Right now in America, there's 4 people for every available job. And that doesn't include the 15% unemployment rate for veterans returning from the wars they fought to keep Halliburton in business. Unemployment benefits are stretched, and there are those -- we call those sons of bitches REPUBLICANS -- who would cut off unemployment insurance and let people starve. We also have some folks -- we call those assholes DEMOCRATS -- that are going along because their mommies keep their balls in a silk bag in the back of an armoire. Right now we're living in a country where we have The Haves and The Have-Nots. Right now we're living in a country run by politicians who are signing away our freedoms. Right now, the banks and corporations have taken over.


Right now, it's only getting started.


And right now, there are stories to be told. Someday, we'll have historians explaining to our grandchildren what all this recession bullshit was really about and what the long term impact of shrinking civil rights and banks on the national tit was. Or maybe we won't. Maybe we'll have talking heads and history memes on social networks, lost in the shuffle between the Two Girls, One Cup video and the latest free social networking game that eats up computer speed and distracts people from seeing the world for what it is.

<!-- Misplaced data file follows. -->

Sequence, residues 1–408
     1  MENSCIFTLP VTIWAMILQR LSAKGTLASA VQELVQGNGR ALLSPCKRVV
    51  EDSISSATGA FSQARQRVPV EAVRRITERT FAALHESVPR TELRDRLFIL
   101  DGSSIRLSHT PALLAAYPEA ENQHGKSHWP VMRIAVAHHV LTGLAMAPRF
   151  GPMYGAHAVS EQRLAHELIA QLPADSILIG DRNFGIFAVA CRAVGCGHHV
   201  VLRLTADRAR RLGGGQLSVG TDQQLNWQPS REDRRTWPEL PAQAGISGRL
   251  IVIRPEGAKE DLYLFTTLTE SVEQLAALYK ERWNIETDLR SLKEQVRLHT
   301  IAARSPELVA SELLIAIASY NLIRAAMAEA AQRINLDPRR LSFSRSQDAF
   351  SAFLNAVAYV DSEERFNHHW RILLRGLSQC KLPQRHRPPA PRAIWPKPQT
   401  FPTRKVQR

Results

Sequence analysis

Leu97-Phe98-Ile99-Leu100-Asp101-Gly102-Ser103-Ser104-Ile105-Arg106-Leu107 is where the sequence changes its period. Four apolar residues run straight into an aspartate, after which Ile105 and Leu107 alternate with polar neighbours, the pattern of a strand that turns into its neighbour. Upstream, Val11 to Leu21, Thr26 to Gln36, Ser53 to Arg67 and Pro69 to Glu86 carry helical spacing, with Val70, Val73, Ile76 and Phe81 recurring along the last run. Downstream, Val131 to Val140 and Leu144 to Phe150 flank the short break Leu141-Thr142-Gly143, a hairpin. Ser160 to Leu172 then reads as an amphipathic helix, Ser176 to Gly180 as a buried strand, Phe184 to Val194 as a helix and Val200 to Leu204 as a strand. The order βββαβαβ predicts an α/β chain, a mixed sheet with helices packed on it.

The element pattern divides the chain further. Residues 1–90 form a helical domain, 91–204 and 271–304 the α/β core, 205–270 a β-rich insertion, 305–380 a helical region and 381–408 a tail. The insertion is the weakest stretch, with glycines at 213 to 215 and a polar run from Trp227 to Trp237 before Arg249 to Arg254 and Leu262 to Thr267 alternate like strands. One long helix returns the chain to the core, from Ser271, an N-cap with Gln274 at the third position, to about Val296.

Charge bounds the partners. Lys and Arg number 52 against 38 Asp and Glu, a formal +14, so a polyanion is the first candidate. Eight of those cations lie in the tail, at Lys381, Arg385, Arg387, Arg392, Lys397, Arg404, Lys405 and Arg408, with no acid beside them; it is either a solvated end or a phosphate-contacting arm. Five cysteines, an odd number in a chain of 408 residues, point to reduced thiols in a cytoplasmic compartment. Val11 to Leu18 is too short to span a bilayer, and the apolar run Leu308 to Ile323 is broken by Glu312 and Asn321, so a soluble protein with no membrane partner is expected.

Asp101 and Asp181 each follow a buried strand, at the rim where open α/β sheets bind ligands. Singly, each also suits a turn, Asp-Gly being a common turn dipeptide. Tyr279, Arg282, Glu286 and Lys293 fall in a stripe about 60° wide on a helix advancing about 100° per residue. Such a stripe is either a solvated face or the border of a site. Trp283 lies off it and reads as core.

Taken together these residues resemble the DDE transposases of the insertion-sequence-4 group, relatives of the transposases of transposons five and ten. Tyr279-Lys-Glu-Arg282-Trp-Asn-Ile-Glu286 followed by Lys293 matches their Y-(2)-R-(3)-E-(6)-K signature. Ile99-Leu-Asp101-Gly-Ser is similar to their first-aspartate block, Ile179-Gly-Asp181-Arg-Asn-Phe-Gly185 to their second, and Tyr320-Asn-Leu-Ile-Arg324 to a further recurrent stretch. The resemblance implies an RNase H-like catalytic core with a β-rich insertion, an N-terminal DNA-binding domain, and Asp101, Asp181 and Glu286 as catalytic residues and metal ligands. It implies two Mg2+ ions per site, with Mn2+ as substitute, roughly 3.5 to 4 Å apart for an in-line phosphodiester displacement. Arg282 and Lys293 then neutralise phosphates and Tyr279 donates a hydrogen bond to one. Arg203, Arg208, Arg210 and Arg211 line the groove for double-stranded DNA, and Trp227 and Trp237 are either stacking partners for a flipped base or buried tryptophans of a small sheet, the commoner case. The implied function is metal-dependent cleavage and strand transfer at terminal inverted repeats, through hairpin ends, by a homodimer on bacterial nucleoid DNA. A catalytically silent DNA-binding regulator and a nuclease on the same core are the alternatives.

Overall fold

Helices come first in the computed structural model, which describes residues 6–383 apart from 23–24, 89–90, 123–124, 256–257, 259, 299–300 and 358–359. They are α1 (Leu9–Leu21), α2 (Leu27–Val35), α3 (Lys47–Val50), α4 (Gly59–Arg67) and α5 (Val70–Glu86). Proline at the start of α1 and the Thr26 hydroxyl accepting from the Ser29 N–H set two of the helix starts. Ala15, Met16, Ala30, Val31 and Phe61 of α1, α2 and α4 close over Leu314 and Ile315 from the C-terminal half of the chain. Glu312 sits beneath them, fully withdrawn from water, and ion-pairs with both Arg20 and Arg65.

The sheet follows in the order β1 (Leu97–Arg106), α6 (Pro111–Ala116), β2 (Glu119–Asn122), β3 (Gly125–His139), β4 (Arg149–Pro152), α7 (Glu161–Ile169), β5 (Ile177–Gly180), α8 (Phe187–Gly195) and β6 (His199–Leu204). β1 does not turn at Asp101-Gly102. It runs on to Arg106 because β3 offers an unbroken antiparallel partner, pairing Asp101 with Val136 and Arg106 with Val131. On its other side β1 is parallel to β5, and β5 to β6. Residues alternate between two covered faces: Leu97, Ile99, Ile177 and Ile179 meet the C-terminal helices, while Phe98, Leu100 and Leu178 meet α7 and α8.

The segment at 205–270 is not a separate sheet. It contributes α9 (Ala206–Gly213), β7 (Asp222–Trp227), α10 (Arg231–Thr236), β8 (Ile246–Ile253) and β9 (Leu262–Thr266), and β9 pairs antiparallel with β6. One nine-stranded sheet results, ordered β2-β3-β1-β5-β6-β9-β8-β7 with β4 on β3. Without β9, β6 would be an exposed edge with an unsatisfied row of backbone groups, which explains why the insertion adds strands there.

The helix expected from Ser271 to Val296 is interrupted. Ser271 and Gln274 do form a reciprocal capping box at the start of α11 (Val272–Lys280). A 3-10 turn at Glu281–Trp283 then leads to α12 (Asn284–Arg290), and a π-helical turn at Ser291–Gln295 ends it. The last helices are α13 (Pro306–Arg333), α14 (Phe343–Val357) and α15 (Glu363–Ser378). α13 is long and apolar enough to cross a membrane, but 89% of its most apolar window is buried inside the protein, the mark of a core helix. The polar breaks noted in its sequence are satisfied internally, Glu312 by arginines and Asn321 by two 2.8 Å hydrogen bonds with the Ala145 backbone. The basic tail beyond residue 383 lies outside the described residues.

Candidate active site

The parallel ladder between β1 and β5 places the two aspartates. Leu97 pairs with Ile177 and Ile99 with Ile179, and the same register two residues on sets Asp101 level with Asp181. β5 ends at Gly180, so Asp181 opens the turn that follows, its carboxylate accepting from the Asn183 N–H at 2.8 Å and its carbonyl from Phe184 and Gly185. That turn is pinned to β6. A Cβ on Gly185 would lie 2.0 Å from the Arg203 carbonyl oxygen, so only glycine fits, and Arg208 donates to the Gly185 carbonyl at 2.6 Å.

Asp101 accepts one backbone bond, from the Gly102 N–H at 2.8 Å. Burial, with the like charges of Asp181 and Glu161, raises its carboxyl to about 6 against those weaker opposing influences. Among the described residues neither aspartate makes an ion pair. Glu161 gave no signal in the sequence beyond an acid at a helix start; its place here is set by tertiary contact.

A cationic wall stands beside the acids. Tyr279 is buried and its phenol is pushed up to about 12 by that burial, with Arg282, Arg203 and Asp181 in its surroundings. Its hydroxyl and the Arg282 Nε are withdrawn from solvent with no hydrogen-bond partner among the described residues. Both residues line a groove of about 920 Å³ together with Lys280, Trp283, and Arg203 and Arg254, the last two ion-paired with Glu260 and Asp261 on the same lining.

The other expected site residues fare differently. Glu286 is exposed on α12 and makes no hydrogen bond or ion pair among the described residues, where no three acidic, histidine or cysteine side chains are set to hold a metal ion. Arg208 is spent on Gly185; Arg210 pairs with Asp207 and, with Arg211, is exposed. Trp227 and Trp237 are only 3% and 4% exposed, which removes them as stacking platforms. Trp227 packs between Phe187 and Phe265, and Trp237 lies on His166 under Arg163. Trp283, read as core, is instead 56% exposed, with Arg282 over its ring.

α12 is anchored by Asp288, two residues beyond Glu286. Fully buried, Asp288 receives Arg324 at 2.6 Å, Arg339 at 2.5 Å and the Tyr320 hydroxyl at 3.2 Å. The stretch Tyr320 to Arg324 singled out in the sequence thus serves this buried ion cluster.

Re:visionary is my way of trying to tell the real story in real time. There are stories to be told, songs to be sung, poetry to be written. Re:visionary means,  for one, revision. Life, like a poem draft, often  requires revision.


For another, it means Re(garding) Vision. How I envision my self, the country, other people, the world. 


And I'm hoping you like what you read.

19 December, 2011

Ain't It Grand, These Culture Wars?